The upward pressure on commodity prices and the strain in global supply chains is raising concerns that the UK economy will soon enter a recession. Retail sales contracted in May and consumer confidence fell to an all-time low. With CPI inflation at 9.1% in May, up from 9% in April, the BoE has to manage the growth-inflation trade-off. Interest rates are currently at 1.25% following the 0.25% hike in June, while many Monetary Policy Committee members and market participants are calling for a more aggressive hiking path.

The Swedish economy contracted 0.8% in Q1, more than initially reported, as export growth was sluggish. Finance Minister Mikael Damberg said "We can expect tougher times ahead" as the economy is feeling the heat from the war in Ukraine and the persistently high inflation. The Riksbank raised interest rates from 0% to 0.75% as inflation rose to the highest level since the early 1990s. The world’s oldest central bank signalled further rate hikes this year and a faster pace of balance sheet reduction.

China’s economy is slowly improving as Covid restrictions are gradually eased and activity starts to pick up. Small business confidence is rising after months of contraction, industrial production exceeded expectations in May and Xi Jinping vowed to “strengthen macro-policy adjustment and adopt more effective measures to strive to meet the social and economic development targets for 2022 and minimize the impacts of Covid-19”. There are many challenges for achieving the 5.5% full year GDP growth target, as this implies that growth will need to surpass 7% in the second half of the year. The largest problems lie in housing which continues to be a drag on the economy, while the complex international environment and geopolitical tensions create further uncertainties.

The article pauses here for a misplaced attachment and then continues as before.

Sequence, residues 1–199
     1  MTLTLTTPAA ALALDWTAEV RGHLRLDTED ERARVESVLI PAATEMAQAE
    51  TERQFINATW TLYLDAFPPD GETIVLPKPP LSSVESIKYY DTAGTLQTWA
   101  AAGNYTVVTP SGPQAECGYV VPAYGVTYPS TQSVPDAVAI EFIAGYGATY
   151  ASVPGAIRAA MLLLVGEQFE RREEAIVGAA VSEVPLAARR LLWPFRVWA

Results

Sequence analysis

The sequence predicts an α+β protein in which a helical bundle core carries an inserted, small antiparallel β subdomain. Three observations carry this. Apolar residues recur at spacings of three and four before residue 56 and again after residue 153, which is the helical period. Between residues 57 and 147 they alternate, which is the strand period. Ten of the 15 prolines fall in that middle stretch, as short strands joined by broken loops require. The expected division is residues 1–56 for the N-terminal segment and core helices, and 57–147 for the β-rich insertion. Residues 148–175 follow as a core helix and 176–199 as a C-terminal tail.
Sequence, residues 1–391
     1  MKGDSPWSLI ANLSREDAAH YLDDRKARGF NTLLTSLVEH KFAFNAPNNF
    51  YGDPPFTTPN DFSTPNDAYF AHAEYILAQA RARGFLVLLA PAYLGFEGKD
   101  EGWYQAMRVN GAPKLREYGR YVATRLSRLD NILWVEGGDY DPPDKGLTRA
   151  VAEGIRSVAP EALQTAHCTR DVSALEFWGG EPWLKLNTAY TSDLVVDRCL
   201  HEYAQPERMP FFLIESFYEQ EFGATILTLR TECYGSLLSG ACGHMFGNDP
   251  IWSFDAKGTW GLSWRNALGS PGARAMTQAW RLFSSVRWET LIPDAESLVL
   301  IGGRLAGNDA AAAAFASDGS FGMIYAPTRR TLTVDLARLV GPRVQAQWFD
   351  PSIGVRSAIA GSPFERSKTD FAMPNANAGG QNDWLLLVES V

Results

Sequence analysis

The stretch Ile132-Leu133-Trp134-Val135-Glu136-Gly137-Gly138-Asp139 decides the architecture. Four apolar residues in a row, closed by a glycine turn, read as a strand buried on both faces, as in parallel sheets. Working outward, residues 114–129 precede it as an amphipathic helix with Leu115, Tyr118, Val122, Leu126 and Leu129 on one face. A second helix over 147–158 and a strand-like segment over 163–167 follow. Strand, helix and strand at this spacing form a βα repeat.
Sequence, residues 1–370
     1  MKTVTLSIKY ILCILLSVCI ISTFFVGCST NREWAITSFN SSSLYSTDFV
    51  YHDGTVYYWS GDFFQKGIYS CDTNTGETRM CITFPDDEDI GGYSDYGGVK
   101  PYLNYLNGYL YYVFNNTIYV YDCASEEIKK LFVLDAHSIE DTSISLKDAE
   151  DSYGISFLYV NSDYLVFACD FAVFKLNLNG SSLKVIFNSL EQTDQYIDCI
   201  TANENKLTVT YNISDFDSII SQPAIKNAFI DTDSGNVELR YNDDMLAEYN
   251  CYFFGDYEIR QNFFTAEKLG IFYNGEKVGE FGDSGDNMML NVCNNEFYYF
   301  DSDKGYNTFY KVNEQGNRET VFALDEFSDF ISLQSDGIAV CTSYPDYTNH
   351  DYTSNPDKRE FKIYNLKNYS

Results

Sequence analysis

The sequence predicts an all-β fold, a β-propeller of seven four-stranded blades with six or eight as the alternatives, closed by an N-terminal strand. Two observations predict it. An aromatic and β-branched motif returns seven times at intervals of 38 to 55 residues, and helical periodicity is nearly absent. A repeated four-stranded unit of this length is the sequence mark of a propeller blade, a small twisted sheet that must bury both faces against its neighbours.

Market data

Main Markets

World equity indices Close YTD (%) 3 M (%) 1 Y (%)
S&P 500 (USA)3,785.38-20.58-16.45-11.92
Euro Stoxx 50 (Eurozone)3,454.86-19.62-11.47-14.99
HSCEI (China)7,666.88-6.911.87-28.10
FTSE-100 (UK)7,169.28-2.92-4.611.87
Nikkei-225 (Japan)26,393.04-8.33-5.13-8.33
OMX30 (Sweden)1,872.68-22.61-10.62-17.25
RTS (Russia)1,345.01-15.7131.70-18.67
SMI (Switzerland)10,741.21-16.58-11.68-10.06
MSCI World (Developed Markets)2,546.19-21.21-16.60-15.61
MSCI Emerging markets (EMs)1,000.67-18.78-12.36-27.20
SENSEX (India)53,018.94-8.99-9.481.02
SET50 (Thailand)951.07-4.01-6.73-0.28
DAX (Germany)12,783.77-19.52-11.31-17.69

Government Bond Yields

Country 2 - Year 5 - Year 10 - Year

Commodities & precious metals

Commodity Close YTD (%) 3 M (%) 1 Y (%)
Gold (/Troy Ounce)1,807.27-1.20-6.722.10
WTI Crude (/bbl )105.7640.625.4643.95


Pair Close YTD (%) 3 M (%) 1 Y (%)

Money Market Rates

Currency 3-Month 6-Month 12-Month

6 Month Charts

Equity Markets